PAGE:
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  • 1.
    Bogdan, Christian
    et al.
    KTH, Människa-datorinteraktion, MDI.
    Green, Anders
    KTH, Människa-datorinteraktion, MDI.
    Hüttenrauch, Helge
    Södertörn University, School of Communication, Media and it, Media technology. KTH, Människa-datorinteraktion, MDI.
    Räsänen, Minna
    Södertörn University, School of Communication, Media and it, Media technology.
    Severinsson Eklundh, Kerstin
    KTH, Människa-datorinteraktion, MDI.
    Cooperative Design of a Robotic Shopping Trolley2009In: The Good, the Bad and the Challenging: the user and the future of information and communication technologies / [ed] Bartolomeo Sapio, Leslie Haddon, Enid Mante-Meijer, Leopoldina Fortunati, Tomaž Turk, Eugene Loos, 2009, p. 144-Conference paper (Refereed)
  • 2. Borggren, Clara
    et al.
    Moberg, Åsa
    Räsänen, Minna
    Södertörn University, School of Natural Sciences, Technology and Environmental Studies, Media Technology. KTH.
    Finnveden, Göran
    Business meetings at a distance - decreasing greenhouse gas emissions and cumulative energy demand?2013In: Journal of Cleaner Production, ISSN 0959-6526, E-ISSN 1879-1786, Vol. 41, p. 126-139Article in journal (Refereed)
    Abstract [en]

    Transportation, or rather access, is a major challenge in relation to achieving environmental goals and in striving for sustainable development. One potential means suggested to decrease the environmental impact related to accessibility is mediated meetings. However, few studies have quantified the potential environmental impacts with a life cycle perspective. With inspiration from a project involving four major Swedish media companies experiencing an increasing need for business travel and decreasing resources, this study assessed the potential greenhouse gas (GHG) emissions and cumulative energy demand (CED) related to different types of business meetings, using a life cycle perspective. The potential consequences for emissions of GHG and CED in two hypothetical companies introducing mediated meetings were also assessed. The results indicated that mediated meetings using personal computers can reduce GHG emissions and CED per meeting and that more advanced mediated solutions are preferable to meetings which require travel, if the equipment is frequently used to replace travel. However, advanced technology that is under-used may give similar or higher GHG emissions and CED than meetings traveled to by train. All mediated meeting alternatives studied here had lower GHG emissions and CED than meetings which required travel by plane or car. LCD screen manufacture contributed the main environmental impact of mediated meetings, but the meeting rooms needed, electricity use for equipment and internet use for data transmission were also important in some cases. As LCD screen manufacture and internet energy use were main issues and as the data on these issues are uncertain, they should be further assessed+ and updated in future studies. Introduction of mediated meetings in companies and organizations should involve a thorough consideration of needs and possible solutions to achieve the best possible environmental benefits through efficient use and replacement of travel. (c) 2012 Elsevier Ltd. All rights reserved.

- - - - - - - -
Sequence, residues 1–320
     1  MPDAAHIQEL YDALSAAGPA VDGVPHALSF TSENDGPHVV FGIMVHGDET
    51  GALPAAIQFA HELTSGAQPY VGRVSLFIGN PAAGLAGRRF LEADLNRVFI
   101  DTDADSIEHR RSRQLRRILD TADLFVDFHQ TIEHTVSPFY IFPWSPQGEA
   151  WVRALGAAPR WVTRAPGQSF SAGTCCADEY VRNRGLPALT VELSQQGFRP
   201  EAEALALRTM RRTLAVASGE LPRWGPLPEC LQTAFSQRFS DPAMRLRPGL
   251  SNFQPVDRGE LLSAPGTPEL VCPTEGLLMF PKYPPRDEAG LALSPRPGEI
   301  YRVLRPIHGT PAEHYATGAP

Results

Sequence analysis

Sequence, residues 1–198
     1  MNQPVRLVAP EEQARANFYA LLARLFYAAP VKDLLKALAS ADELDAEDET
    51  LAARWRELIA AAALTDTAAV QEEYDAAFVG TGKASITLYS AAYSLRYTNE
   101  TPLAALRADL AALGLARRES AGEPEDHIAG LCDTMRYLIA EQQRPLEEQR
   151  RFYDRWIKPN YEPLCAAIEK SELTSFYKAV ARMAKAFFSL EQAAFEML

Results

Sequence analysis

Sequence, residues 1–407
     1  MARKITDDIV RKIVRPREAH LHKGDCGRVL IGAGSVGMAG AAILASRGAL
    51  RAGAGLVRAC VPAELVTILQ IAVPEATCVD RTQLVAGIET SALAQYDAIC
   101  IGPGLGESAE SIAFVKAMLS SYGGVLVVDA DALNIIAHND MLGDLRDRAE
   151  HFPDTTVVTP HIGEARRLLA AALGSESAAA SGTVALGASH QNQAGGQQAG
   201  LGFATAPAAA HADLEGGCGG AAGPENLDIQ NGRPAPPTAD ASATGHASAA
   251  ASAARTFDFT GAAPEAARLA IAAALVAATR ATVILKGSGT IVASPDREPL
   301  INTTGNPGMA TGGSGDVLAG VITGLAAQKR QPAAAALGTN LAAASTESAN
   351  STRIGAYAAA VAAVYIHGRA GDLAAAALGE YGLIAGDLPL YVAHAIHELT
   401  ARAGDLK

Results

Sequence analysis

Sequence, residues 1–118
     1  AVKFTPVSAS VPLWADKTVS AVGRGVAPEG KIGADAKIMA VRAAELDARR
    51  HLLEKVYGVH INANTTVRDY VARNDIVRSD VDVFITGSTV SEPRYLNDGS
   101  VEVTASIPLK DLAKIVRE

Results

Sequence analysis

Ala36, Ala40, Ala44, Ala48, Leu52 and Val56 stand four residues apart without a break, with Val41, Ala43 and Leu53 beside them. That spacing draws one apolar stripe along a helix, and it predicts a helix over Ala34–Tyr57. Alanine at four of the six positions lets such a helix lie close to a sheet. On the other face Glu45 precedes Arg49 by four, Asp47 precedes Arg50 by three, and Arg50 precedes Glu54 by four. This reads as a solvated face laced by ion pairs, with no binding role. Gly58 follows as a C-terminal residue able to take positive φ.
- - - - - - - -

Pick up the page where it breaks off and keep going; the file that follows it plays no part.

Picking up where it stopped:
• 3.
    Ehrnberger, K.
    et al.
    KTH.
    Räsänen, Minna
    Södertörn University, School of Natural Sciences, Technology and Environmental Studies, Media Technology.
    Börjesson, E.
    Högskolan i Halmstad.
    Hertz, A. -C
    Högskolan i Halmstad.
    Sundbom, C.
    Högskolan i Halmstad.
    The Androchair: Performing Gynaecology through the Practice of Gender Critical Design2017In: Design journal, ISSN 1460-6925, E-ISSN 1756-3062, Vol. 20, no 2, p. 181-198Article in journal (Refereed)
    Abstract [en]

    This paper highlights the important role that design plays when it comes to women’s overall experiences of ther gynaecological examination. It exemplifies how the examination can become renegotiable through the practice of a critical design. We will reflect this in the design of the contemporary gynaecological examination chair (GEC). We used women’s experiences as a starting point for the design of an Androchair (a conceptual male equivalent of the GEC), in order to make the experiences critically visible. Inspired by the view of the gynaecological examination as a performance where the Androchair is represented as a prop and was placed on a stage as a discussion object during a public seminar. The Androchair allowed for both critical and multiple readings of the GEC and through that, the gynaecology examination at large. Moreover, it stimulated a discussion about alternative ideas towards achieving a more positive experience.

  • 4.
    Ehrnberger, Karin
    et al.
    School of Industrial Engineering and Management, Royal Institute of Technology.
    Räsänen, Minna
    Södertörn University, School of Communication, Media and it, Media technology.
    Ilstedt, Sara
    School of Industrial Engineering and Management, Royal Institute of Technology.